In “The Hollow Men,” Eliot starts off with a proclamation by an unknown party calling themselves the hollow and stuffed men. Eliot gives a recurring theme throughout this poem of hollow and dryness. He uses a party of no specified number to narrate the poem. When he states that they are hollow or stuffed, it shows that they are without human qualities and basically empty (Gopang, Sangi, and Soomro 473). Eliot specifically uses the pronoun “we,” leaving the reader questioning who exactly that may be. They are a representative for the people who were left to feel empty after World War I, which had just ended at the time (Gopang, Sangi, and Soomro 473). This immediately points back to Eliot’s idea of despair. He goes on to describe them “l...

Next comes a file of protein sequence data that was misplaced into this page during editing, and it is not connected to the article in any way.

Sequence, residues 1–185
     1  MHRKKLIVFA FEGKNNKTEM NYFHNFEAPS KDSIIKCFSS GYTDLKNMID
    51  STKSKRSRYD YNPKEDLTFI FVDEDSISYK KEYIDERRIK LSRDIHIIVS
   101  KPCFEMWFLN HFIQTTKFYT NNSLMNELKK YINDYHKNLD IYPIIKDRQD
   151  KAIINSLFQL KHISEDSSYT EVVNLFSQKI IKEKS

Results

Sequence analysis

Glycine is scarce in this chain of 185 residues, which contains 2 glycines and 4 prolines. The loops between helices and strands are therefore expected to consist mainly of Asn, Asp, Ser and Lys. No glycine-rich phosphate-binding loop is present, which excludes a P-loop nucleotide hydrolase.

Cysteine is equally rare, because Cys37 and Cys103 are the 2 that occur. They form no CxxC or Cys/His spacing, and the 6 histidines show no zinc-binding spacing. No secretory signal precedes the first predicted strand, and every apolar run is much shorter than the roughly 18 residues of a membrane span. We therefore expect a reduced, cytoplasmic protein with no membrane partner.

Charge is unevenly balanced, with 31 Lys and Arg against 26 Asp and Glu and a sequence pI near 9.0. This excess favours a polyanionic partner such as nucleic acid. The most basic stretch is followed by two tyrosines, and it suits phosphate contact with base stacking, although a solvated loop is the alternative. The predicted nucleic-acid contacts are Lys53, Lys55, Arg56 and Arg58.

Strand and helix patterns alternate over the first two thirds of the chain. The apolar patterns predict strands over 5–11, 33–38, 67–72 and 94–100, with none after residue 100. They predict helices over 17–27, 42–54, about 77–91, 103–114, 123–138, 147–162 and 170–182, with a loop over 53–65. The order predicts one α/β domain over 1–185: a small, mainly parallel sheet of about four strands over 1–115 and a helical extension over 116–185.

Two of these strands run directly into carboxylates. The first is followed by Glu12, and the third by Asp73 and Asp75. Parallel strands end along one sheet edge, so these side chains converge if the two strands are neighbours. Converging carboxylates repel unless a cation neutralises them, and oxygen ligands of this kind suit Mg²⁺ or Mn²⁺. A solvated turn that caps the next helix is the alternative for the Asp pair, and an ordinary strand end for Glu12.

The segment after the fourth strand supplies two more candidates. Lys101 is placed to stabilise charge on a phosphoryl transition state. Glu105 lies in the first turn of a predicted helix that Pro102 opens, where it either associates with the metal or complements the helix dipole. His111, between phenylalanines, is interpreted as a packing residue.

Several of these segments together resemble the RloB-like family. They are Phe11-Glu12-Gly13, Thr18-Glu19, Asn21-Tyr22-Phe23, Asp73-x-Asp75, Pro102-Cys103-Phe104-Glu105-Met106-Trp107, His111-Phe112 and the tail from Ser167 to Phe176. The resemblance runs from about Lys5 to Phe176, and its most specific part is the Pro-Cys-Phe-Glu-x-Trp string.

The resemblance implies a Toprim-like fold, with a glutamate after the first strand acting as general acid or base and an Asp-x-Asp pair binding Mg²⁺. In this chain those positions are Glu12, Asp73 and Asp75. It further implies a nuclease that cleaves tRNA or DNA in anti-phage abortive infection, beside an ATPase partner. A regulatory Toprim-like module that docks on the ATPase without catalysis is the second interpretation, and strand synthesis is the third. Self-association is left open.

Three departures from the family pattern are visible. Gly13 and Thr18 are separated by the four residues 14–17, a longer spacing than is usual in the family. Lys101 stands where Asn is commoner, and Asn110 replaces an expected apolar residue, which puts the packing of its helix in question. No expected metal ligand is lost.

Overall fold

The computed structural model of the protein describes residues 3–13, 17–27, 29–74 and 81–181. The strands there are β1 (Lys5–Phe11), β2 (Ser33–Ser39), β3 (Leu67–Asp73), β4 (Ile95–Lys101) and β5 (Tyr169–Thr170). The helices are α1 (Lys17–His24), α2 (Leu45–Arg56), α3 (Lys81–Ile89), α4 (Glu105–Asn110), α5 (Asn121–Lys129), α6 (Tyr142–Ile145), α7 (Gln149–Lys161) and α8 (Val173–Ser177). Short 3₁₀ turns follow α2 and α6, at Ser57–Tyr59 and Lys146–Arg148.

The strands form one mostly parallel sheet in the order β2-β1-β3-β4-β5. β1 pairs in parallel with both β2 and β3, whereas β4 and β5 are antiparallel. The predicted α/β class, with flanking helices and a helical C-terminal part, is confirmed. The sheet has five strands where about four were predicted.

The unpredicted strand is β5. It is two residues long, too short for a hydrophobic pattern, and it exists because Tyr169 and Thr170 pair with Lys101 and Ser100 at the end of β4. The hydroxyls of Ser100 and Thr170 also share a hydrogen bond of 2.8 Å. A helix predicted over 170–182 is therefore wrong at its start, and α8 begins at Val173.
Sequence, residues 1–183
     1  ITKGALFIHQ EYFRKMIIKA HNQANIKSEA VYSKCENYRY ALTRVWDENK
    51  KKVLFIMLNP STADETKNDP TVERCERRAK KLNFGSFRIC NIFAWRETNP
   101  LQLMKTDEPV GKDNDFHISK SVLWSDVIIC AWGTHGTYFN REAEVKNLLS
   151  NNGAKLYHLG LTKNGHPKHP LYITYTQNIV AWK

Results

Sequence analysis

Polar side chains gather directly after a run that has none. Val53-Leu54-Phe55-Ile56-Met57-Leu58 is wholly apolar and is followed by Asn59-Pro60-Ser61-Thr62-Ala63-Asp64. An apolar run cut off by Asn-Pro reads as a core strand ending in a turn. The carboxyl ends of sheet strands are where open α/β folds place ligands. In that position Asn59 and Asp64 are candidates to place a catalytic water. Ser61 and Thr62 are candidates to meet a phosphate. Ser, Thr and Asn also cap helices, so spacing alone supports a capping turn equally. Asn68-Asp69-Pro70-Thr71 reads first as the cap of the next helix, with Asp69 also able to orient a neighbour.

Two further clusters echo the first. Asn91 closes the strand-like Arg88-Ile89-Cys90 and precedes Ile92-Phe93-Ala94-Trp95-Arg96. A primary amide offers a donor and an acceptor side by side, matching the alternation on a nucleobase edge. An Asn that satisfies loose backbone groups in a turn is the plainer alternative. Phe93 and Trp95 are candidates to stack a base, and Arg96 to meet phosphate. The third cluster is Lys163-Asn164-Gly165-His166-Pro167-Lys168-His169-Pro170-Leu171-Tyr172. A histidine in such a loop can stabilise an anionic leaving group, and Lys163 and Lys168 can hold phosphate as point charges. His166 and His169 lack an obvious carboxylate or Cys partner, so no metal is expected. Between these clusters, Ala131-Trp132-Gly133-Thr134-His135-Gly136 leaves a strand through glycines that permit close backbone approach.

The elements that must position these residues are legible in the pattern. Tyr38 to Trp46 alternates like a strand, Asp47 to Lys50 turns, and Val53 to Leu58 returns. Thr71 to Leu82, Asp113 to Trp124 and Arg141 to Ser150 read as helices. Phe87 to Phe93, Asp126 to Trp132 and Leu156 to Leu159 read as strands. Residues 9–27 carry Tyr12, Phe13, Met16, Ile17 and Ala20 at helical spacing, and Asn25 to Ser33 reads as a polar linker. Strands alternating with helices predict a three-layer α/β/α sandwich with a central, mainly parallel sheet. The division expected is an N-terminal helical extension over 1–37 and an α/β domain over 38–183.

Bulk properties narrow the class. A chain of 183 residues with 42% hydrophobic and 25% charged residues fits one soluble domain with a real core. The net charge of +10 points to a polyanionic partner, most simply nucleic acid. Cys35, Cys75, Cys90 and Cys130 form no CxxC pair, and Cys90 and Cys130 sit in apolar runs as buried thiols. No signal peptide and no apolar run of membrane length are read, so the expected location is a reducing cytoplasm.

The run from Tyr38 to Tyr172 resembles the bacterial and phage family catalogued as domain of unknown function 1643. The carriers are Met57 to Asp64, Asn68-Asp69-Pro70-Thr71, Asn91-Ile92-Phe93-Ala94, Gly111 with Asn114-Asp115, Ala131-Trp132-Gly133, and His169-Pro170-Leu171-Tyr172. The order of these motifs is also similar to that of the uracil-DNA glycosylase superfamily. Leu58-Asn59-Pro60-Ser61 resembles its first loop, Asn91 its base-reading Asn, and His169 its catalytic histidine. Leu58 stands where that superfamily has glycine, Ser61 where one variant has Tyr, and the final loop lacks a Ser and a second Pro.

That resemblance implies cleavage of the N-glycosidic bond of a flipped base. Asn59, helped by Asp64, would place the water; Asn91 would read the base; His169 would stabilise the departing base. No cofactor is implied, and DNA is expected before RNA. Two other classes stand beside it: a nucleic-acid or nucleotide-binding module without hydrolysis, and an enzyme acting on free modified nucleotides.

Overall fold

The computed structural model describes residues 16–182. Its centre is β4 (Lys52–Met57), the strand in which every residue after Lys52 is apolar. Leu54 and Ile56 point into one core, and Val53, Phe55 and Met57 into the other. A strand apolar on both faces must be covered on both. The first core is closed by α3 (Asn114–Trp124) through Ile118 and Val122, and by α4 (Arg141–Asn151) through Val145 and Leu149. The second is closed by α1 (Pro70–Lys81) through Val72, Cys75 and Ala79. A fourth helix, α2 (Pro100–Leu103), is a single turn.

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...ed. However, there is always pain and despair in war. One should look at the bright side of the war. So many people benefitted from the freedom from Austrian and German oppression. Not all results of the war were hopeless, but promising for the future.
Gopang, Abdul Sattar, Muhammad Khan Sangi, and Abdul Fattah Soomro. "T. S. Eliot's Indigenous Critical Concepts and 'The Hollow Men'." Language In India Apr. 2012: 473+. Literature Resource Center. Web. 20 Jan. 2014.
Jeon, Joseph Jonghyun. "Eliot Shadows: Autography and Style in the Hollow Men." Yeats Eliot Review 24.4 (2007): 12+. Literature Resource Center. Web. 20 Jan. 2014.
Shmoop Editorial Team. "The Hollow Men Analysis." Shmoop.com. Shmoop University, Inc., 11 Nov. 2008. Web. 19 Jan. 2014.
Shmoop Editorial Team. "T.S. Eliot." Shmoop.com. Shmoop University, Inc., 11 Nov. 2008. Web. 5 Feb. 2014.
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